Figure 1.
Procurement of retail energy (e.g., electricity, natural gas, fuel oil) through online processes is becoming common for commercial and governmental customers. Through a "reverse auction," vendors offer lower bids until one is accepted as the winner. This method is viable for large organizations in areas where competitive pricing already exists.

Online energy procurement services are not new: by early 2001, at least 27 firms were offering them. The few that survived the dotcom debacle several years ago now handle sales of billions of kWh and cubic feet of natural gas, making this option now a stable part of the competitive energy landscape.

The two largest (in kWh volume) retail energy auction services are World Energy ( and Energy Window ( ach uses Web-based software to receive, portray, and compare bids from vendors while customers sit back and watch their pricing drop until a winner is declared.

Choosing An Auction Service

Rich Domaleski, CEO of World Energy, cautions that such services should not be confused with Web-based consulting firms that manually handle RFPs. "It's important for vendors to actually see each others' bids in real time. Otherwise, the competitive process is limited, and that last 10% of price squeezing may not happen."

A variety of issues arise when choosing to use an online reverse auction service. At no point, for example, can a large customer hand off his due diligence requirements to a third party and expect no repercussions if the deal later has problems. Vendor financial strength, contract terms, and credit issues may still require close review outside the auction process.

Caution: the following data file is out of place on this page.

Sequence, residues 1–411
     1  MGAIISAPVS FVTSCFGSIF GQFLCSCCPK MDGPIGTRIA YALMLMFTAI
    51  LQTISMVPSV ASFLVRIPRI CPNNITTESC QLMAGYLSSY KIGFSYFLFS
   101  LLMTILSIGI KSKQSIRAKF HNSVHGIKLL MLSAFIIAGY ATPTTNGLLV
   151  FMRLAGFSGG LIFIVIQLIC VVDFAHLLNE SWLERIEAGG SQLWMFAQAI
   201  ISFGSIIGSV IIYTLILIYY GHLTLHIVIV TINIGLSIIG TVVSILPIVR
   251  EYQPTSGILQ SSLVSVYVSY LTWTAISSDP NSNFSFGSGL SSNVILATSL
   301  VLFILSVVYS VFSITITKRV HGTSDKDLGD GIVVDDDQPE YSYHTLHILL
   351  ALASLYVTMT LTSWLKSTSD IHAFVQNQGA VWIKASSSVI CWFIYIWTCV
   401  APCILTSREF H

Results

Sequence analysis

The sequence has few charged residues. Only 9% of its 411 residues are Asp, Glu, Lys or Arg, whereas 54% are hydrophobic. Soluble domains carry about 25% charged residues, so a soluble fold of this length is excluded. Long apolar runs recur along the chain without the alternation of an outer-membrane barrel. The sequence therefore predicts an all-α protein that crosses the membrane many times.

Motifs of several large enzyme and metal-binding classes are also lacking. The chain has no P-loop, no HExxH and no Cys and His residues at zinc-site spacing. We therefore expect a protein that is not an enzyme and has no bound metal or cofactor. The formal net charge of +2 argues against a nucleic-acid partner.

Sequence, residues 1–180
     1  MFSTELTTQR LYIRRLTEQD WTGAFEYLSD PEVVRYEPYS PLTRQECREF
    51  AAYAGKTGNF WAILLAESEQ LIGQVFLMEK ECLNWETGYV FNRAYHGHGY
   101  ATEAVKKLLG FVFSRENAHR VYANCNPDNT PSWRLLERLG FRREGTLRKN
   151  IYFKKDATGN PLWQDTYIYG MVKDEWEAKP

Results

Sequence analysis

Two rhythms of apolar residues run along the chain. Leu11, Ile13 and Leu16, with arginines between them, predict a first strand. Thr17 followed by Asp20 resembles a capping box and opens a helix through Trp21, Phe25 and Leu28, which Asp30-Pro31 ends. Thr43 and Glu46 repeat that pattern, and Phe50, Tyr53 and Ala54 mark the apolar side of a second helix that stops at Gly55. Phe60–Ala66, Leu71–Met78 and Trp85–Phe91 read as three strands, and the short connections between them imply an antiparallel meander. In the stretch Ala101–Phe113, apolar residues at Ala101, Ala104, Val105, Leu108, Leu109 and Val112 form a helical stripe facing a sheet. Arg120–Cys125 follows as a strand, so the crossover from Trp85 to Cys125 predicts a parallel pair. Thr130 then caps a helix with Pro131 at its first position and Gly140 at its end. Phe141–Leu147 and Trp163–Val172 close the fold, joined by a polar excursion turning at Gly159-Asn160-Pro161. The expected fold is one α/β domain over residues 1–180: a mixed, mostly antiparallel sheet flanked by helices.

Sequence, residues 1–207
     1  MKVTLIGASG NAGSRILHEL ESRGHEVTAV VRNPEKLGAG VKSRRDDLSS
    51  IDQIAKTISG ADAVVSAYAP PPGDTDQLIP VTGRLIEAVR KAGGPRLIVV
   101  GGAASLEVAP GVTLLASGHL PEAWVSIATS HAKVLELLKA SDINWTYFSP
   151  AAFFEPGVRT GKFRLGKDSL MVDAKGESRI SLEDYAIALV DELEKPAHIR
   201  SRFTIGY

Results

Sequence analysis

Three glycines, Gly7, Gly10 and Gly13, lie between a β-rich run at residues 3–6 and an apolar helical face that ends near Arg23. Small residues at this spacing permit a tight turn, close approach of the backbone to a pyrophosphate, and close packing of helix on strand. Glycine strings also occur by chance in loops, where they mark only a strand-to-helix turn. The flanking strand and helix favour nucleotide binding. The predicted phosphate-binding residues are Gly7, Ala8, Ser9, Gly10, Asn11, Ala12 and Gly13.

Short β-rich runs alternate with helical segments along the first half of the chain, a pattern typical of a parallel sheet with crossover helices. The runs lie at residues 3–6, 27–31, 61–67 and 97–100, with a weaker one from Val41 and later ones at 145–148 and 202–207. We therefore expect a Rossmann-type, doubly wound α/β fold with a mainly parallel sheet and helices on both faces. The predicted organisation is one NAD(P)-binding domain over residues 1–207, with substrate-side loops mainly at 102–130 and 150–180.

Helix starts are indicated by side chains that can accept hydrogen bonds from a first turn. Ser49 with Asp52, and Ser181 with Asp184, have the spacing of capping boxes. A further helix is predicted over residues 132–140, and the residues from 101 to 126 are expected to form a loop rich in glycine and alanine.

Potential customers should look for these options and functions:

  • Ability to pre-screen vendors to filter out those not acceptable before bidding.
  • All vendors of interest to the customer use the auction service.
  • Option to choose a bidder that did not offer the lowest bid.
  • A process to provide any special conditions to vendors several weeks before bidding to ensure their pricing reflects compliance with those conditions.
  • No limits on price structures (e.g., index, real time, curtailable) that can be bid.
  • Use of interval data instead of only monthly data.
  • No requirement to bundle any other services with the auction.
  • Auction can cover all customer locations where deregulation has occurred.
  • Customer energy and credit data is secure from competitors and others.
  • Auction service is experienced with customers of comparable size, number of sites, locations, and other factors.
  • Customer may speak to others using the auction service.
  • Process is fully electronic, allowing easy accounting.
  • Financial as well as physical energy products are open to auction.

Shortening The Procurement Cycle

One major advantage to such services is the short time involved to settle to a price. World Energy claims it needs only about two weeks from receiving authorization before it is ready to start its auction (though this may depend on how quickly utilities supply customer usage data). With recent energy price volatility in mind, the ability to quickly reach pricing may be just what's needed to keep a budget from going into the red.

Costs and Savings

Unlike many energy consulting firms that charge endusers for procurement services, online transactions generally involve no upfront or direct costs. Depending on the auction firm, its services may be paid through a small adder to the vendor's price (typically a mill or less, e.g., $.001/kWh, depending on the number of accounts and activities involved), paid by the winning vendor to the auction firm.

While no side-by-side studies have been performed to show a differential between online auctions and standard RFP procurement methods, savings claims by auction services and some customers range from 3% to 9%, relative to standard offer pricing (i.e., simply buying from a utility).

An unbiased presentation by a major governmental client using an online auction for power procurement may be found at ES